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Nuclear Footballs

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US presidents since John F. Kennedy have been followed everywhere by an army officer carrying a leather-bound metal Zero Halliburton briefcase. (Zero Halliburton was sold to a Japanese company in 2006, but Donald Trump hasn’t switched to an all-American manufacturer.) Inside the president’s ‘emergency satchel’, also known as the ‘nuclear football’, is a ‘black book’ containing such things as retaliatory options and the codes for launching them. The president has the power to choose any of these options and no one has the power to stop him.

The package weighs about 45 pounds and includes a radio transmitter so the presidential decisions can be communicated to whatever military forces are appropriate. It would take about thirty minutes for an intercontinental ballistic missile to strike Russia from the United States and much less if the rockets were fired from submarines. In the 1980s the Russian premier got a briefcase too, known as the Cheget. When Ronald Reagan and Mikhail Gorbachev were photographed together in Red Square in 1988 they both had their satchels with them. The two who now have the capacity to destroy civilisation are Donald Trump and Vladimir Putin.

Many years ago I had the chance to discuss Doctor Strangelove with Stanley Kubrick. Prior to writing it he had studied the game theory analyses of how nuclear war might start. He was struck by how limited the scenarios were. There was no allowance for the ‘mad major’. We did not discuss the football but knowing how Kubrick’s mind worked I can imagine how such a discussion might have gone. Is the football kept outside Trump’s bedroom at night? Did it go on his overseas trip? Was it close by when he danced in Saudi Arabia or on his visit to the Pope? It surely must follow him on the golf course? How did we allow ourselves to get into this situation and what can be done to get us out of it?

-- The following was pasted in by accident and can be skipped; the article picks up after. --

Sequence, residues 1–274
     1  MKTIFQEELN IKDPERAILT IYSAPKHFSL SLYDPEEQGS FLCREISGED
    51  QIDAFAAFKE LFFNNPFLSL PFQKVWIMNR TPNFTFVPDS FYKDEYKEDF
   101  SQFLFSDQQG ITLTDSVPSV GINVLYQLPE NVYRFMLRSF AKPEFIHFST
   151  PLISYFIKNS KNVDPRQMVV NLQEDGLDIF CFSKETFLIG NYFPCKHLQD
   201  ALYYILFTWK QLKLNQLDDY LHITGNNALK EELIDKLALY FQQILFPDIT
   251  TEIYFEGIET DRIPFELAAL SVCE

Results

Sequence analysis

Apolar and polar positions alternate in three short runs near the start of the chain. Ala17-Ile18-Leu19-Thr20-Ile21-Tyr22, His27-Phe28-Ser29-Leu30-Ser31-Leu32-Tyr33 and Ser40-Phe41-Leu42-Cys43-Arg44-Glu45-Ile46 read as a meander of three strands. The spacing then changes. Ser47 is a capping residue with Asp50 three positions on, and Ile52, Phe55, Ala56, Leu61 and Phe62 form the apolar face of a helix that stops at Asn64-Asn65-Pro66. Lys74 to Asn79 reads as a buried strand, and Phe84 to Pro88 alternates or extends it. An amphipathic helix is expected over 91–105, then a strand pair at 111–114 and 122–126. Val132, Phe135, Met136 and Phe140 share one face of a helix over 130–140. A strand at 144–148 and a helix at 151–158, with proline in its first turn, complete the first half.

Comments

  1. Eric Auerbach says:

    “It would take about thirty minutes for an intercontinental ballistic missile to strike the Soviet Union from the United States and much less if the rockets were fired from submarines.”

    30 minutes and some surprising political developments in Russia and its neighboring nations.

    • Thomas Jones says:

      Yes… now changed. (Though it was the Soviet Union in the 60s and 80s and the tenses are…ambiguous?)

  2. ksh93 says:

    A recent article in the Bulletion of Atomic Scientists seems to indicate that late model US nukes have reduced reaction time for Kremlin which is likely why the retaliation decision from either side in the future (if it’s not already arrived) will be authorized by a computer. Dr. Strangelove’s plan, which we never got to hear as he was overtaken by exultation at his capacity to walk, would likely not have been too far off the mark from our current situation:

    How US Nuclear Force Modernization is Undermining Strategic Stability: The Burst-Height Compensating Super-Fuze

    By Hans M. Kristensen, Matthew McKinzie, Theodore A. Postol

  3. IPFreely says:

    According to usually reliable sources, before he became president Trump enquired several times about the availability of nuclear weapons and the president’s control over their possible use. He wanted to know whether there had been a time when the president might have got close to making a nuclear strike. The process might be as simple as typing a tweet but his typing skills must be a cause for alarm. We have to hope that the military men in his team have the necessary strength of character to prevent him making a fatal decision . He would not want to bomb his pal Putin but who knows what might happen to North Korea.

  4. ColonelPanik says:

    Relevant comic from xkcd:
    https://xkcd.com/1834/


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